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Cuomo Defends New York’s Virus-Related Nursing Home Rules

May 20, 2020, 9:50 PM

New York Gov. Andrew Cuomo on Wednesday said he stood by his handling of coronavirus patients in nursing homes as calls mounted for an independent investigation.

State Senate Republicans along with five New York Republicans in Congress, are demanding a federal probe into the state’s guidance for nursing homes and long-term care facilities, which required the facilities to admit Covid-19-positive patients.

“I’m not going to get into the political back and forth,” Cuomo (D) said when questioned at his daily virus briefing. “Anyone who wants to ask, why did the state do that with Covid patients in nursing homes? It’s because the state followed President Trump’s CDC guidance, so they should ask President Trump. I think that will stop the conversation.”

People in nursing homes are more susceptible to contracting and dying from the virus, according to the federal Centers for Disease Control and Prevention.

There were 5,847 confirmed and presumed deaths at nursing homes and long-term care facilities in New York state as of Tuesday, according to state data. The deaths account for more than 25% of the 22,976 virus-related fatalities statewide.

New York Gov. Andrew Cuomo (D)
Photographer: Angus Mordant/Bloomberg

Nationally, at least 28,100 residents and workers have died from Covid-19 in nursing homes and long-term care facilities, according to a New York Times database.

A U.S. Government Accountability Office report released Wednesday found that before the pandemic, most nursing homes were cited for infection prevention and control deficiencies (82% of those surveyed from 2013-2017). About half of these homes had persistent problems and were cited across multiple years.

Probe “Inappropriate”

Cuomo on April 23 announced that the state health department and attorney general’s office would investigate nursing homes to ensure they follow state guidelines.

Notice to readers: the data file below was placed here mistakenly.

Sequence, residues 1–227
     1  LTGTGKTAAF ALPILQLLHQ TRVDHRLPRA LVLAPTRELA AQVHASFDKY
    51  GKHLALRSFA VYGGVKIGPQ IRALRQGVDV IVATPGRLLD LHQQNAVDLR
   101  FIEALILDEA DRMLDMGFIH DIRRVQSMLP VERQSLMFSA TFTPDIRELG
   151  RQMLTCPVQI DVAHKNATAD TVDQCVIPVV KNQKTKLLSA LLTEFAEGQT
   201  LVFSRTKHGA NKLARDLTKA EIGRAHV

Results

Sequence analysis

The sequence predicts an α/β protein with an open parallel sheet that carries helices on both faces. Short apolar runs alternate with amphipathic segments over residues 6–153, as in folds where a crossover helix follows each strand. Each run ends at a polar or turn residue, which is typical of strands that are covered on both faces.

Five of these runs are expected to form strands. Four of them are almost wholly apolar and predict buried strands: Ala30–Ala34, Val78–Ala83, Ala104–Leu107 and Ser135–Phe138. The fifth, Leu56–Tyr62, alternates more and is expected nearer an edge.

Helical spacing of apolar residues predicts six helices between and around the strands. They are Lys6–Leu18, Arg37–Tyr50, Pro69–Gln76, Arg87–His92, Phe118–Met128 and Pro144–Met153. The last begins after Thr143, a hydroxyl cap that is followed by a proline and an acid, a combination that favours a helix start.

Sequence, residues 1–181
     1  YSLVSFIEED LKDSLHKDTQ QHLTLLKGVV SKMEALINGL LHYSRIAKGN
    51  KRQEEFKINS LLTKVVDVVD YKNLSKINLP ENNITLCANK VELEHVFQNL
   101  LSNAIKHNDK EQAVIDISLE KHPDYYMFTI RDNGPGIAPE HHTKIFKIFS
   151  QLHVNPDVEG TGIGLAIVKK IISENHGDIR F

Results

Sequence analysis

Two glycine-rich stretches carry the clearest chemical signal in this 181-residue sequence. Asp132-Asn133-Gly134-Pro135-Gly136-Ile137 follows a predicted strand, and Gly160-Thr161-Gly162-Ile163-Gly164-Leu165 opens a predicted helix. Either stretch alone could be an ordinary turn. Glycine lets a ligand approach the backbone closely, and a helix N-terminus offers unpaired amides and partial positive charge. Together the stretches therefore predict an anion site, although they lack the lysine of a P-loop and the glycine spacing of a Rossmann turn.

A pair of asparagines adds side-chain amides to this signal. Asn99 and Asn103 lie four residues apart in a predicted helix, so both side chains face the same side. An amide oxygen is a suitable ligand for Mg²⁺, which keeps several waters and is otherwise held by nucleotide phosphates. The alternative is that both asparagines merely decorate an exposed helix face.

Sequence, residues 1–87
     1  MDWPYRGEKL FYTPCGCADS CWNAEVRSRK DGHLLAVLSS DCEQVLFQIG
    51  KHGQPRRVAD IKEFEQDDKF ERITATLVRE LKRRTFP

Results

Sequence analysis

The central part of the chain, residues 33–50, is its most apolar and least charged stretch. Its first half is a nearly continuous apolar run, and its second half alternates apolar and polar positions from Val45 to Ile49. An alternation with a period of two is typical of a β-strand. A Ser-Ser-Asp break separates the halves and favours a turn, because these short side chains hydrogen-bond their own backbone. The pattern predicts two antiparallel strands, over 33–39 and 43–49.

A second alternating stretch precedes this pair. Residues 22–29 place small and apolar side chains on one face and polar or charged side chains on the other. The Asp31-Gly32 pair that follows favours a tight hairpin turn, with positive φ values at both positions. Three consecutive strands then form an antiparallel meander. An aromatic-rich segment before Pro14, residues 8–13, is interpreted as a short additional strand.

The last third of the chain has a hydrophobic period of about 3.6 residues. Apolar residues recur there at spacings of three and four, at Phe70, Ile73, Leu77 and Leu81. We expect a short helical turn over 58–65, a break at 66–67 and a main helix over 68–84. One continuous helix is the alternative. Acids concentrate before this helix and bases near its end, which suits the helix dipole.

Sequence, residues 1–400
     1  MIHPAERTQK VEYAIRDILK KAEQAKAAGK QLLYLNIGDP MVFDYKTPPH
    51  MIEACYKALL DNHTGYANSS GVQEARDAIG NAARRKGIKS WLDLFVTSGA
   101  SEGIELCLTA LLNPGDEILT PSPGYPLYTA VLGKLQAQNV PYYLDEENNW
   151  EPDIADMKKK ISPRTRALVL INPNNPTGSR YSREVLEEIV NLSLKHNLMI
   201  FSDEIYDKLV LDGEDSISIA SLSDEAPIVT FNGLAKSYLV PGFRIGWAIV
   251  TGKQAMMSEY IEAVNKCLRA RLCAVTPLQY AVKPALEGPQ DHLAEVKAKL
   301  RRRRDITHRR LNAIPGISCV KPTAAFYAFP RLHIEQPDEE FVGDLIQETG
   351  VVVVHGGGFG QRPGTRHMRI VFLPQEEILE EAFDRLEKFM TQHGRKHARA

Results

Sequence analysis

Covid-positive patients must be isolated and have separate staff from those working with the general population, according to the guidelines. If a facility can’t meet the requirements to properly quarantine the person or provide the appropriate level of care, the patient must be transferred to another facility.

Republican U.S. Reps. Elise Stefanik, John Katko, Lee Zeldin, Pete King, and Tom Reed last week sent a letter to the U.S Department of Health and Human Services and Centers for Medicare & Medicaid Services urging them to investigate the state’s actions regarding nursing homes.

“Many of the state’s policies have put not only the residents of these facilities, but also those who care for them, at risk of direct exposure to COVID-19,” Stefanik said in a May 15 news release.

State Senate Republicans and Assembly Health Committee Chairman Richard Gottfried (D), have similarly called for an independent probe, saying that it’s inappropriate to have the state health department lead an investigation into its own procedures.

“We need to find out why so many have become sick and died, what we’ve done right and wrong and what we can do now and for the future,” Gottfried wrote in an op-ed for the New York Post.

The pushback comes after the state earlier this month changed how it reports virus-related fatalities at nursing homes and adult care facilities.

The facilities previously were providing different information, with some including presumed deaths along with confirmed deaths, state officials said. The data are now listed separately, and nursing home residents who subsequently die in hospitals are counted in the number of hospital deaths.

‘Not Playing Politics’

Lawmakers specifically expressed concern over a March 25 health department advisory stating that residents couldn’t be denied admission to a facility after testing positive for Covid-19.

During Wednesday’s virus briefing, Cuomo said the guidance came as the state was trying to dramatically increase hospital capacity.

“Is the best use of a hospital bed to have somebody sit there for two weeks in the hospital bed when they don’t need the hospital bed, because they’re not urgently ill? Cuomo asked. “They’re just waiting to test negative on the antibody test.”

He added that a “nursing home cannot accept a patient who they are not qualified to handle.”

The Cuomo administration also has come under fire for a provision in the state budget that provides immunity to health-care facilities and professionals from any civil or criminal harm or damages alleged to have been sustained while arranging or providing for services during the pandemic. A March 23 executive order further extends the protections, unless such injury or death was caused by “gross negligence.”

With nursing home deaths remaining high in the state, Cuomo on May 10 announced that all nursing homes and adult care facilities must test all personnel for Covid-19 twice a week and report positive test results to the state health department by the next day. Hospitals, going forward, cannot discharge patients to nursing homes unless they test negative for the virus, according to the executive order.

Cuomo said he doesn’t oppose a federal probe, he’s just “not playing politics.”

“If the federal government wants to start a probe, then they can start a probe,” he said.

To contact the reporter on this story: Keshia Clukey in Albany, N.Y. at kclukey@bloomberglaw.com

To contact the editors responsible for this story: Tina May at tmay@bloomberglaw.com; Katherine Rizzo at krizzo@bgov.com

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